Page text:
African peanut stew with eggplant and sweet potatoes

Fennel! – I think I will put fennel fronds into the bean salad, in lieu of celery.

And here’s what really happened:

I burned the beans for the bean salad, but it seemed to be only the bottom layer. Instead of adding lots of other ingredients, like peppers and fennel, etc., I just combined the Rancho Gordo beans with the Edamame and added some chopped scallions.

Rancho Gordo beans & Edamame

Rancho Gordo beans & Edamame

Un-cooked Rancho Gordo beans

Un-cooked Rancho Gordo beans

So I’m still not sure what I’ll do with the fennel, and instead of eggplant & sweet potato peanut stew, I think I’ll make greens with peanut sauce (using the kale) and we’ll have that over couscous.

I made the cauliflower gratin and it’s quite good -I think when I use it for savory pie filling for Pie Palooza, I’ll put a pinch of red pepper flakes into the tomato sauce – and/or maybe one of the hot peppers Tipi sent me.

Cauliflower Gratin with goat cheese

Cauliflower Gratin with goat cheese

Extra roasted cauliflower

Extra roasted cauliflower

I made the pepperonata on Sunday – put in all the peppers except the hot ones, and few that I sliced for Rach to eat with hummus.



I made carrot muffins to use up at least one of the three bags of carrots the fridge.

Carrot Muffins

Carrot Muffins

And they didn’t use up any vegetables but I made a round challah – only a month late for Rosh Hashanah – and a couple of challah rolls. I still want to make honey cake.

Challah Rolls

Challah Rolls


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Moving apartments in Chicago

After a long week – I told you about some of it already – like the shelves trying to come down on my head on Tuesday when I was trying to get towels down to sop up the flood – I’m in Chicago to  move apartments. No internet because it’s already shut off at the old place and we’re not in the new one till Monday.

State St. apartment on move out weekend

State St. apartment on move out weekend

So enforced no work although I met with one student online this AM before we left to help with an assignment and I’ve been emailing with two others about the same assignment all day. And I might go use the wifi at Chicago Public Library tomorrow if we get enough packing and cleaning done.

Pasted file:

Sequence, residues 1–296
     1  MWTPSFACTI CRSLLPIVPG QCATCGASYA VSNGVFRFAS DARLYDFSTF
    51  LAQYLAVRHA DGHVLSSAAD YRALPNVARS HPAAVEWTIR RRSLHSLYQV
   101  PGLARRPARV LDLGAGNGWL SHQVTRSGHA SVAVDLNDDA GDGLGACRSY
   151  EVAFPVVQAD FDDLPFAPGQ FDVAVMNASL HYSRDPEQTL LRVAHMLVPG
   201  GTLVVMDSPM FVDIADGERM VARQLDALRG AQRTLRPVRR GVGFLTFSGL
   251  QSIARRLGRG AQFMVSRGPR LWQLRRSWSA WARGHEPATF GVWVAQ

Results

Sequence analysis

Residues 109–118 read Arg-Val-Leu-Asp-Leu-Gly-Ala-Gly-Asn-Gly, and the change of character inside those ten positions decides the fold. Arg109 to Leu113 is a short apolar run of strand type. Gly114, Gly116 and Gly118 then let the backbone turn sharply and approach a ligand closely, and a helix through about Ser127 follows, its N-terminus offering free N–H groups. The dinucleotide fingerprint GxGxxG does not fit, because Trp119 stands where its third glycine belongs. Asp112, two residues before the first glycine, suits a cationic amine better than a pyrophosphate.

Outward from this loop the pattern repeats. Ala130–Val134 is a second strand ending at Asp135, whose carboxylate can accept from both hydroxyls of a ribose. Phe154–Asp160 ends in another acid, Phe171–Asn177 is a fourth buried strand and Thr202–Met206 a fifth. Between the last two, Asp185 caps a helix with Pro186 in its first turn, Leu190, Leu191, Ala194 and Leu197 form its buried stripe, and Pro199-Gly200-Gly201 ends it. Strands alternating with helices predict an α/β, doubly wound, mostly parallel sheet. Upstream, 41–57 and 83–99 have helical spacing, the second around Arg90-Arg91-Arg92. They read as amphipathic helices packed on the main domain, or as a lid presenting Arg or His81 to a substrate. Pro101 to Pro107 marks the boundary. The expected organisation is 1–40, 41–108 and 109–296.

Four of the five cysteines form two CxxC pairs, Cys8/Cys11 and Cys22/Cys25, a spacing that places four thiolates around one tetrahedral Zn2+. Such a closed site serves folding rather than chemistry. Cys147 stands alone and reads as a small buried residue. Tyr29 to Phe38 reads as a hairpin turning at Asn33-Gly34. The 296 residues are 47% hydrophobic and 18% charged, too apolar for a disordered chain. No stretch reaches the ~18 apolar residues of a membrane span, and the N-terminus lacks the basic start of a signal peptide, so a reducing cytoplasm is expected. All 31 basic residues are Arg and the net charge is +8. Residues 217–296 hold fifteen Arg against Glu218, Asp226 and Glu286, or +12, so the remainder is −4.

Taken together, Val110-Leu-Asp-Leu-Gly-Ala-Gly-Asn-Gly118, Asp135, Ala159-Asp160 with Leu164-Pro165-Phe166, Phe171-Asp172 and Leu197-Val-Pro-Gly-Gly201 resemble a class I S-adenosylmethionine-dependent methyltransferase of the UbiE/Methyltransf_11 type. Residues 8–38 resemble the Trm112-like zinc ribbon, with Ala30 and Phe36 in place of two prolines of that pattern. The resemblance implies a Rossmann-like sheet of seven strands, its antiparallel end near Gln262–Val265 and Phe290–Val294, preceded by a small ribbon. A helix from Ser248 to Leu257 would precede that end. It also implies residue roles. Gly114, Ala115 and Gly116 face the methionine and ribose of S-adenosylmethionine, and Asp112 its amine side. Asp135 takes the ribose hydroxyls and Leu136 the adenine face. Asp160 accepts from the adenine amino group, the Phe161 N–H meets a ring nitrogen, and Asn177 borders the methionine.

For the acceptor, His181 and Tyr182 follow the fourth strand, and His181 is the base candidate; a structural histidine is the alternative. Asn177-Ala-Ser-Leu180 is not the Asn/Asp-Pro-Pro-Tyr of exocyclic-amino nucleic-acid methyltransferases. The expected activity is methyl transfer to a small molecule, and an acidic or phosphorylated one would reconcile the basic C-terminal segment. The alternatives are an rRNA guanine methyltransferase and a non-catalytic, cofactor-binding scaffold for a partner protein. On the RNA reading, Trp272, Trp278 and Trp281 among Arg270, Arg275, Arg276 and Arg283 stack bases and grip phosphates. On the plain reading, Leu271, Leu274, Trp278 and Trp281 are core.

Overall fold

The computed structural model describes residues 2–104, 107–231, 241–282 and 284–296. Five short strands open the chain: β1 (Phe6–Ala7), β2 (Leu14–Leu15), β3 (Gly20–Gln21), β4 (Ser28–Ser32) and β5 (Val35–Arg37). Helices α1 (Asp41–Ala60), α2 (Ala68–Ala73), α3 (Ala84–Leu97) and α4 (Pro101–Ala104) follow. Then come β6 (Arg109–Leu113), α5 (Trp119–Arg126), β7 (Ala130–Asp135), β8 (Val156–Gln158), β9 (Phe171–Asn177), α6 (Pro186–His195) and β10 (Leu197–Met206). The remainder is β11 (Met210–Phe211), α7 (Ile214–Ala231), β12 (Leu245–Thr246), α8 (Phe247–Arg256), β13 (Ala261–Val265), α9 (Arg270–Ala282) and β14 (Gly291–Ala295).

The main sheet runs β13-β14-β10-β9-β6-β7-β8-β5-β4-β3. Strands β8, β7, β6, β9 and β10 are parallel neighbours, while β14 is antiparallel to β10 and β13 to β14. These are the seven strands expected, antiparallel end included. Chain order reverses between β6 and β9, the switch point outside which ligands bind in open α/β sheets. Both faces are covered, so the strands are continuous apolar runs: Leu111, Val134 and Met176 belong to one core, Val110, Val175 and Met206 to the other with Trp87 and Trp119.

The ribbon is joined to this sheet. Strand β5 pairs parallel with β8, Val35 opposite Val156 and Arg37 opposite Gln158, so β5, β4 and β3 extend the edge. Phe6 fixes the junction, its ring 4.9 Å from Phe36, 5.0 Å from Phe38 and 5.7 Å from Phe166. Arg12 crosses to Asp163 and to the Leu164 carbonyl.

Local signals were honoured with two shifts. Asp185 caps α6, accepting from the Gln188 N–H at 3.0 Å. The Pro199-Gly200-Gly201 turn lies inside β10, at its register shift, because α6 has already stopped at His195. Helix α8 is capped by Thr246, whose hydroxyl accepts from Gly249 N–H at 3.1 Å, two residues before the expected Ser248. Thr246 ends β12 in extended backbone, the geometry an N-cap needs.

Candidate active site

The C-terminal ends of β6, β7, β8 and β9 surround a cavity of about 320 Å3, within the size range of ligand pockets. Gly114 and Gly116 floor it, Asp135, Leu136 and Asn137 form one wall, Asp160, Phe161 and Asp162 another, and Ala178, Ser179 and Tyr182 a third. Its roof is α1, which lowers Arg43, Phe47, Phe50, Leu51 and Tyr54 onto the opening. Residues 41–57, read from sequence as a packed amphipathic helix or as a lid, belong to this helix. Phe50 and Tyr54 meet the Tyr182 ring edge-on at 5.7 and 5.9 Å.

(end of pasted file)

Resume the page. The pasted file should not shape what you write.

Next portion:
We took the train down and so far went to the UPS store to return the Comcast converter box and buy packing boxes, and to Whole Foods for a few things for breakfast and while-packing snacks tomorrow, and Target for a bucket. Next, Lou Malnati’s and Black Mass.


From something like 5:45 until 6:45 PM Saturday: We’re at Lou Malnati’s trying to get pizza & a salad before the movie.

Art at Malnati’s that reminded me of Jen’s, and the bathroom tile floor

Didn’t work so well – they were having some kind of problem and it took so long to get the food – even though I pre-ordered the pizza – that at 6:37 I realized that even if we got the food we wouldn’t have time to eat it. Mark went to the bathroom and of course the salad arrived. While the waitress was dishing that up I asked to cancel the pizza and just get the bill. So of course the pizza arrived with the bill and we got it to go.

We jumped in a cab and made it to the theater in plenty of time to get decent seats and watch all the previews. I even went to the bar and bought a water and a beer. The bartenders talked me into getting the larger 20-oz. beer, “have to make it through the previews”, which I predicted at 6, and they said 25 minutes.

Black Mass was well done, not prettified at all, and I suspect Johnny Depp will get an Oscar nomination. Seemed like a lot of good actors with small parts in it, too.

We went back to the apartment and ate the pizza and went to bed. So all’s well that ends well, except I had kind of stress dreams in which one of our exchange students had head lice and I had to deal with that and washing bedding in time to pack and working at my computer with all kinds of metal shrapnel all around. Must’ve been the big beer and pizza consumed at 10:30 at night – too close to bed time for an old lady like me.

On Sunday we got up and packed, then went out for coffee (at the Roosevelt Rd. Starbucks, which must be the worst Starbucks in Chicago) and sat by the Legs, and set up with Al that we’d meet for dinner at a pasta place. Then back to the apartment for a little breakfast, and more packing and cleaning. We both showered and Mark scrubbed the bathroom. I went over to Chicago Public Library to use the free wifi to work for a few hours. While I was working at a table on the 8th floor (Art), I got a text from Al, ditching us. As usual. So instead of pasta at 7:00 at a place up on Halstead with Al, we went to a burger place at 5:30 and then went to see the Martian. Which was much more uplifting than Black Mass – it was good hard science fiction, American ingenuity, people that are too smart to fit into the rules and regulations. Lots of actors that I like, Sean Bean and Jeff Daniels, and that everyone likes, Matt Damon.